Cook the apple mixture over medium heat, stirring occasionally, until the apples are slightly softened and the juices are thickened, 6 to 8 minutes. Stir in the butter, then let the mixture cool slightly while you prepare the crumble. (You can spread onto a chilled baking sheet or baking dish to help cool faster.)
Prepare the Crumb Topping:
Gather your ingredients.
In a medium bowl, mix together the flour, brown sugar, cinnamon, salt, and butter until clumps form.
Once the apple filling is cooled to about room temperature, transfer to the chilled crust. (Pouring in a hot filling will melt the butter in the crust and remove all the flaky layers.) Sprinkle the pie with the crumb topping.
Bake for 50 to 60 minutes or until the apples are softened and the crumb topping is lightly browned. (If the crust is browning too much before the pie is done, cover with foil and continue to bake.)
Remove from the oven. Allow to cool for at least 30 minutes, then slice and serve with remaining salted caramel.
- Make sure you use very cold butter for the pie dough to get nice flaky layers in the baked crust.
- It’s very important to chill the pie dough for at least one hour once it’s been rolled out and lined in the pie pan or it could shrink back and yield a tough crust. This chilling period allows the fat to harden and gives time for the gluten to relax.
- When making the caramel sauce, don’t walk away! It may seem like you’re waiting a long time for the sugar to caramelize, but once it starts to brown, the process goes quickly and you’ll want to catch it before the sugar goes from caramelized to burnt in seconds.
Based on your time and preference, you can make a number of changes to this recipe to make it your own:
- If you don’t like to make your own crust or you’re in a pinch, feel free to use store-bought.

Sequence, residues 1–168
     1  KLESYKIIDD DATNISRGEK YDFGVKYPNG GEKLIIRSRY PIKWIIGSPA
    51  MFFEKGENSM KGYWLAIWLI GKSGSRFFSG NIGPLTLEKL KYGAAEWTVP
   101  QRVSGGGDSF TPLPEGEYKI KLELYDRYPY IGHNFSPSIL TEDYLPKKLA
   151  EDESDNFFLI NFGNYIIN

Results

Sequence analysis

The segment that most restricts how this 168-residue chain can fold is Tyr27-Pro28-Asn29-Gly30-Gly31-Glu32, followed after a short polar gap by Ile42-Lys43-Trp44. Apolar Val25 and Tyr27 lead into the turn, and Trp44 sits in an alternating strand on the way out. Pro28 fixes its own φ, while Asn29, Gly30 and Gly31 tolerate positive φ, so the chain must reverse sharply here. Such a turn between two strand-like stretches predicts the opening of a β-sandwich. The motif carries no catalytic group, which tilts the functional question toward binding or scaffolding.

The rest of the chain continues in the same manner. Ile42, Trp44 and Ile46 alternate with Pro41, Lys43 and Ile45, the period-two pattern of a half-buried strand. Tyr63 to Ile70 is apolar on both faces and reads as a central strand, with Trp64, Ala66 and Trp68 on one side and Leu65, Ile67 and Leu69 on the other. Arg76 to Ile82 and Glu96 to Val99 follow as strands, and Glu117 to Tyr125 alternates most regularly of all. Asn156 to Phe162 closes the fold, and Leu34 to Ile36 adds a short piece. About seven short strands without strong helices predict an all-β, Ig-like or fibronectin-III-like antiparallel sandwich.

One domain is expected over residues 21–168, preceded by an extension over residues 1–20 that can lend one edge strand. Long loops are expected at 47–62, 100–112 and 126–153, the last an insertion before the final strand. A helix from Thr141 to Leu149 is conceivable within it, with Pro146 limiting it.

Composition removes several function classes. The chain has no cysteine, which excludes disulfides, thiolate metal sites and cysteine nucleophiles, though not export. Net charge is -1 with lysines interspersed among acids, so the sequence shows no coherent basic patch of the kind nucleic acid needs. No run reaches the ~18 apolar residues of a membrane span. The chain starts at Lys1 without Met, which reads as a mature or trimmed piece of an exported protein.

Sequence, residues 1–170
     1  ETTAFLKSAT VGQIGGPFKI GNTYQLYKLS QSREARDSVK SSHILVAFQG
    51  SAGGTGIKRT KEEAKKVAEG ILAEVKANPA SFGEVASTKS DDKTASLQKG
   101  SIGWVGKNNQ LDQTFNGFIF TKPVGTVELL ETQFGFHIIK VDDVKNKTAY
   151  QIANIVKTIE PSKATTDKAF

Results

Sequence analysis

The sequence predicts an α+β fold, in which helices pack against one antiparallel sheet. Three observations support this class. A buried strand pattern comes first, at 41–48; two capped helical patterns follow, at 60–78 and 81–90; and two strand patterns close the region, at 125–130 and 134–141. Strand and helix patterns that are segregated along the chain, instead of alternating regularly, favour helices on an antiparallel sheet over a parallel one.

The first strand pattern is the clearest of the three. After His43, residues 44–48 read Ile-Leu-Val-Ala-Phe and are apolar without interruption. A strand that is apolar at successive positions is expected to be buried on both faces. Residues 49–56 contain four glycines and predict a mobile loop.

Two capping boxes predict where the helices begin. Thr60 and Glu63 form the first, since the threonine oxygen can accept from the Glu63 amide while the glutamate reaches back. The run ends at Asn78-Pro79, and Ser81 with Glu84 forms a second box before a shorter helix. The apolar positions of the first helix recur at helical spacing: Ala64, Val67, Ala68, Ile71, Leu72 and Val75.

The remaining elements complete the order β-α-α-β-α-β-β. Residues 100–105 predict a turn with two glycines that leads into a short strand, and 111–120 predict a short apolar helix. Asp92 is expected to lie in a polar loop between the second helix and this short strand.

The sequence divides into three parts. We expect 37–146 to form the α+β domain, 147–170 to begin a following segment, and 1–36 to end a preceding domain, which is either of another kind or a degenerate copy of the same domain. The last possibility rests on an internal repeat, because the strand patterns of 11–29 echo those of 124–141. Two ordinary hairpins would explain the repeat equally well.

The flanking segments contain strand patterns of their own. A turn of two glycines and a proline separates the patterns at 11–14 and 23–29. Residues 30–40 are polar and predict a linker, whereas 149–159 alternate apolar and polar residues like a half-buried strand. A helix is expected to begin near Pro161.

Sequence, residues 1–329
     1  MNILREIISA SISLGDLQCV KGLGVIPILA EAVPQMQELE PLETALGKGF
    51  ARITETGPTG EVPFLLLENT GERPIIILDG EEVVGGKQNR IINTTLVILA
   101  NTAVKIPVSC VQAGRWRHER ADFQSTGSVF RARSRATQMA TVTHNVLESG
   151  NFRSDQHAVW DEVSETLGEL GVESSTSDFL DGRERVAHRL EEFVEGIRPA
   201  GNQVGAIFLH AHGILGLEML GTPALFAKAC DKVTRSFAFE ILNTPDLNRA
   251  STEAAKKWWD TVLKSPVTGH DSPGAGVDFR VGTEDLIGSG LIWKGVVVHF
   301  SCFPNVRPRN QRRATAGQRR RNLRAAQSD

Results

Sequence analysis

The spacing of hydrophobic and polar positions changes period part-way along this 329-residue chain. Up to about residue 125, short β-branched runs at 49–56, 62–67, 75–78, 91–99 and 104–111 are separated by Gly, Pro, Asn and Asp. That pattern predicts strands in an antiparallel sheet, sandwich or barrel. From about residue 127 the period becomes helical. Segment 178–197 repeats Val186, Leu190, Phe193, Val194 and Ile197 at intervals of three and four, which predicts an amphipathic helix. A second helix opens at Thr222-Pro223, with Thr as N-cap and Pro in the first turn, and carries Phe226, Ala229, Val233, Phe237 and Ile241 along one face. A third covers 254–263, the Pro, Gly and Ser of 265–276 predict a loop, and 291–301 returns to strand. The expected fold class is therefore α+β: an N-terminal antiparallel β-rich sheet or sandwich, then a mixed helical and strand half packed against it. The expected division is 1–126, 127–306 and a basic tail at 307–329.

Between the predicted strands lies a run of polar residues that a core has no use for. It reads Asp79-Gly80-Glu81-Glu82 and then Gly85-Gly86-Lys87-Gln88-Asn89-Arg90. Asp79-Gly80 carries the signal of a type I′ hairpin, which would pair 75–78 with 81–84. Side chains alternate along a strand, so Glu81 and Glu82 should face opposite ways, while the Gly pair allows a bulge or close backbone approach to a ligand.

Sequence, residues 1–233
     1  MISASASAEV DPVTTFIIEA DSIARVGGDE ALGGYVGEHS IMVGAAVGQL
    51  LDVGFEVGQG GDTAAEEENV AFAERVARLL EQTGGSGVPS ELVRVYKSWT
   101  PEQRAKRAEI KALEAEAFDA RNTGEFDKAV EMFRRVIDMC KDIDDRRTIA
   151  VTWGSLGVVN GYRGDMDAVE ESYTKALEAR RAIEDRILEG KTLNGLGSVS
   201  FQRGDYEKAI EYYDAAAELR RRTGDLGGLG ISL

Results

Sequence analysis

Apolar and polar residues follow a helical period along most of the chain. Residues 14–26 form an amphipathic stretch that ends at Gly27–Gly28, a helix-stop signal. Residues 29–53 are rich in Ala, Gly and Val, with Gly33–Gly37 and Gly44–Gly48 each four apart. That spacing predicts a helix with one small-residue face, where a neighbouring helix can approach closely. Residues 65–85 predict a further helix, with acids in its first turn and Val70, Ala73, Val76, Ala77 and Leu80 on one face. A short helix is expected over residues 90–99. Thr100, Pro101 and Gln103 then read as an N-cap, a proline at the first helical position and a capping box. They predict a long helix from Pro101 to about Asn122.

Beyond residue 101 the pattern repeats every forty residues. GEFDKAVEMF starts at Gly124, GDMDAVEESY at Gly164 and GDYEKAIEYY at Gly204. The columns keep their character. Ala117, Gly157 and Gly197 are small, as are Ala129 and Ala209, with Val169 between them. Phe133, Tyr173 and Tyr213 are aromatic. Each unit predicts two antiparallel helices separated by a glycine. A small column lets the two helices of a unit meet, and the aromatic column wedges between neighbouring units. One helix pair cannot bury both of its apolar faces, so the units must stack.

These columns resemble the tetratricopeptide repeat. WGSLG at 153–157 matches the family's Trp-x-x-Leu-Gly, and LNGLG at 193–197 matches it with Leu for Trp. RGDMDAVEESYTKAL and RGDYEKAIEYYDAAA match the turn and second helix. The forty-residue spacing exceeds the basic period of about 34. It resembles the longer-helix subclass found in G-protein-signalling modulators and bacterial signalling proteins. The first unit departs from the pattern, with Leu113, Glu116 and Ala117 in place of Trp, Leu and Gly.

- If homemade caramel isn’t your thing, use store-bought for this as well.
- Apple pie is all about warm spices, but you can play around with ones that fit your palate, including pumpkin pie spice, allspice, cloves, or even upping the spices already present.
- Try adding flavor to your crust by incorporating spices or even cheddar for flakier layers.
- You can swap half of the apples out with another fruit like pears, peaches, or even strawberries.
- You can omit the crumble and opt for a double crust, if desired. Simply double the crust recipe.
- Roll out both crusts. Place the bottom crust in the pie pan, add the filling, then lay the top crust over top.
- Press all around the edges to seal, then use scissors to trim off any excess so that there is only 1/2-inch hanging off the edge of the pie plate.
- Tuck the overhang under itself, so that the crust is flush with the pie plate.
- Crimp edges however desired, then bake for about 55 minutes.
Sliced vs. Diced
- Dicing the apples helps to cut clean wedges from the pie and also makes for a smoother bite. If you love the look of sliced apples versus diced, feel free to do as you like. No changes to the recipe.
How to Store
- You can hold the fully made pie in the fridge for up to 5 days.
- You can wrap the pie tightly in plastic wrap and freeze for up to 4 months.
- Thaw in the fridge overnight, then let come to room temperature before serving.
Do you cook apples before putting them in a pie?
Some pie recipes call for cooking the apples before filling the pie, such as this one for a caramel apple pie, but some others have you toss the filling ingredients together and add them to the pie raw. One method isn’t better than the other, but keep in mind that a pie with a raw filling will take longer to bake and what looked like a huge mound of apples at first will cook down to a much thinner layer of filling.
- Best Apples for Apple Pies
- Apple Equivalents—How to Measure Apples
- Prevent a Soggy Bottom
- How to Cut Butter into Flour
- Pastry Cutter Substitutes
Video about Salted Caramel Apple Pie Best Thing I Ever Ate
How To Make Salted Caramel Apple Pie
Rich home made caramel is added to this Salted Caramel Apple Pie, Sarah demonstrates how to make it in just a few easy steps. This could become your new fall favorite!
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Sarah Carey is the editor of Everyday Food magazine and her job is to come up with the best ways to make fast, delicious food at home. But she’s also a mom to two hungry kids, so the question “What’s for dinner?” is never far from her mind — or theirs, it seems! Her days can get crazy busy (whose don’t?), so these videos are all about her favorite fast, fresh meals — and the tricks she uses to make it all SO much easier.